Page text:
Idaho governor signs Texas-style abortion bill that would let potential family members sue
Idaho on Wednesday became the first state to enact a law modeled after a Texas statute, banning abortions after about six weeks of pregnancy and allowing the law to be enforced through civil lawsuits to avoid constitutional court challenges.
Republican Gov. Brad Little signed into law the measure that allows people who would have been family members to sue a doctor who performs an abortion after cardiac activity is detected in an embryo.
"I stand in solidarity with all Idahoans who seek to protect the lives of preborn babies," Little wrote in a letter to Lt. Gov. Janice McGeachin, who is also president of the Senate.
The law in the conservative state is scheduled to take effect 30 days after the signing. But court challenges are expected.
Backers have said it is Idaho's best opportunity to severely restrict abortions in the state after years of trying. Most recently, the state last year passed a six-week abortion ban law, but it required a favorable federal court ruling in a similar case to take effect, and that hasn't happened.
Republicans have super-majorities in both the House and Senate. The measure passed the Senate 28-6 and the House 51-14 with no Democratic support. Three House Republicans voted against the measure.
But Little noted his concerns with the legislation.
"While I support the pro-life policy in this legislation, I fear the novel civil enforcement mechanism will in short order be proven both unconstitutional and unwise," he wrote.
Opponents call it unconstitutional, and note that six weeks is before many women know they're pregnant.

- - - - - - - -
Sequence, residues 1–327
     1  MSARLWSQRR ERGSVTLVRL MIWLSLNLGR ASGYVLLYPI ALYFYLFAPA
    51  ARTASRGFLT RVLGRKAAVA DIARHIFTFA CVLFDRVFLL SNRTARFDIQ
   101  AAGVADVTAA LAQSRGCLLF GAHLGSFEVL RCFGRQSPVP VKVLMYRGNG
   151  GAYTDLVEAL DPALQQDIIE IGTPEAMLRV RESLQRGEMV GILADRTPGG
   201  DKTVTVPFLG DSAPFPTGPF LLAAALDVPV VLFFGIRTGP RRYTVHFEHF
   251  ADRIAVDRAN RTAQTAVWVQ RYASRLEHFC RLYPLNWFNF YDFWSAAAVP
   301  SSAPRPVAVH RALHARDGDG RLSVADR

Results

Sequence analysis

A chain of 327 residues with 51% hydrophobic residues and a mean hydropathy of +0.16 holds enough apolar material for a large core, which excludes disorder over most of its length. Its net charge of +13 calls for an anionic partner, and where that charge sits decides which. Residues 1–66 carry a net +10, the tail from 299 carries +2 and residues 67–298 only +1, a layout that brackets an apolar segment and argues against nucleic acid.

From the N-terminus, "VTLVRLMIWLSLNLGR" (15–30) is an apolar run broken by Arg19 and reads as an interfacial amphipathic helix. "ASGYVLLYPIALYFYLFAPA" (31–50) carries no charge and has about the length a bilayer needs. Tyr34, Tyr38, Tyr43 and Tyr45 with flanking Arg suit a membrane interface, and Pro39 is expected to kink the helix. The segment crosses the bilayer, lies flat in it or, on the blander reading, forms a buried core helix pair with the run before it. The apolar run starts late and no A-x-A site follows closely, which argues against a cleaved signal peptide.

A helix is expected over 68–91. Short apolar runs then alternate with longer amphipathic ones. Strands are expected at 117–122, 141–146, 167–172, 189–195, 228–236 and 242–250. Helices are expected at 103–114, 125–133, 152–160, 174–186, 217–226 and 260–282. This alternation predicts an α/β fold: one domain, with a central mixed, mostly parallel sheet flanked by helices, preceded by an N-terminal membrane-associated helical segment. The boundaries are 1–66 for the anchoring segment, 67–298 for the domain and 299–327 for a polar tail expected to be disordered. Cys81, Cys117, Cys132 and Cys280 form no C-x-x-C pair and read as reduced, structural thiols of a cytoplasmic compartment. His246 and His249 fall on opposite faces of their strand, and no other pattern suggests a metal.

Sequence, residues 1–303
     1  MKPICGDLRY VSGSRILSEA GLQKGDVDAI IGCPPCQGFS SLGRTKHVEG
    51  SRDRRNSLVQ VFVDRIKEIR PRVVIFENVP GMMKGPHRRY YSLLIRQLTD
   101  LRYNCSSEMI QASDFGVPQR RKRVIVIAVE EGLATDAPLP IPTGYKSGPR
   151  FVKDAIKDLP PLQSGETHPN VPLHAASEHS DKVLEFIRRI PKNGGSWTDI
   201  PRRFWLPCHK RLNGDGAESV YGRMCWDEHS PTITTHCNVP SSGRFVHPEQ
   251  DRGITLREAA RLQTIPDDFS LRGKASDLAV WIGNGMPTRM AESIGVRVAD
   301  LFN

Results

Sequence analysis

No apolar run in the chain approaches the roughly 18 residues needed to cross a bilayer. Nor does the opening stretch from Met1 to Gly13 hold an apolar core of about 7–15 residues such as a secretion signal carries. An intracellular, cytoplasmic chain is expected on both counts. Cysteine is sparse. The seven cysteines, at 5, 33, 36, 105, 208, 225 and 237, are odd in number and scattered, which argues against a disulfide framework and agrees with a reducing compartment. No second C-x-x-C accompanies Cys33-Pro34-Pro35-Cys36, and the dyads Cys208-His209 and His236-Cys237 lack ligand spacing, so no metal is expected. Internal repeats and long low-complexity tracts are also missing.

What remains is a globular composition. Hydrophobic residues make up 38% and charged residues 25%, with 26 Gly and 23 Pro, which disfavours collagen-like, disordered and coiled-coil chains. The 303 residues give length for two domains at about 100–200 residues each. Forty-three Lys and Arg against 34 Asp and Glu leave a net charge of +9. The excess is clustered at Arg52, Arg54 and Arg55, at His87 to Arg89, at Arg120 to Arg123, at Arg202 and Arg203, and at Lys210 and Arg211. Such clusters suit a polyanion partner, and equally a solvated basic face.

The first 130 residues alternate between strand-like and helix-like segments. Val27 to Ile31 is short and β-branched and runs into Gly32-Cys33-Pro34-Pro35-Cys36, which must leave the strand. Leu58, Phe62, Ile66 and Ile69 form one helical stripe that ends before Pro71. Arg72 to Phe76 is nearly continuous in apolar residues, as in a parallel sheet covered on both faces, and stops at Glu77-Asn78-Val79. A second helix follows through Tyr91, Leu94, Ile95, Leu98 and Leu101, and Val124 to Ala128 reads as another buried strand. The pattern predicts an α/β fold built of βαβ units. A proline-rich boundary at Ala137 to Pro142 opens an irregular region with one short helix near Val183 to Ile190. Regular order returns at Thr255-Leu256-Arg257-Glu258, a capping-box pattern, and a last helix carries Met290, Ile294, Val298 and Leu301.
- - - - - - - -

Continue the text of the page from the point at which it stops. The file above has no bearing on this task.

Advanced technology can detect a first flutter of electric activity within cells in an embryo as early as six weeks. This flutter isn't a beating heart, it's cardiac activity that will eventually become a heart. An embryo is termed a fetus after the eighth week of pregnancy, and the actual heart begins to form between the ninth and 12th weeks of pregnancy.
The Idaho law allows the father, grandparents, siblings, aunts and uncles of a "preborn child" to each sue an abortion provider for a minimum of $20,000 in damages within four years after the abortion. Rapists can't file a lawsuit under the law, but a rapist's relatives could.
The law is modeled after a Texas law that the U.S. Supreme Court has allowed to remain in place until a court challenge is decided on its merits. The Texas law allows ordinary citizens to enforce the law in place of state officials who normally would do so. The Texas law authorizes lawsuits against clinics, doctors and anyone who "aids or abets" an abortion that is not permitted by law.
A number of other states are pursuing similar laws, including Tennessee, which introduced a Texas-styled abortion bill on Tuesday.
"The vigilante aspect of this bill is absurd," said Idaho Democratic Rep. Lauren Necochea. "Its impacts are cruel, and it is blatantly unconstitutional."
Republican Rep. Steven Harris, the bill's sponsor, said in a statement after the vote on Monday, March 14: "This bill makes sure that the people of Idaho can stand up for our values and do everything in our power to prevent the wanton destruction of innocent human life."
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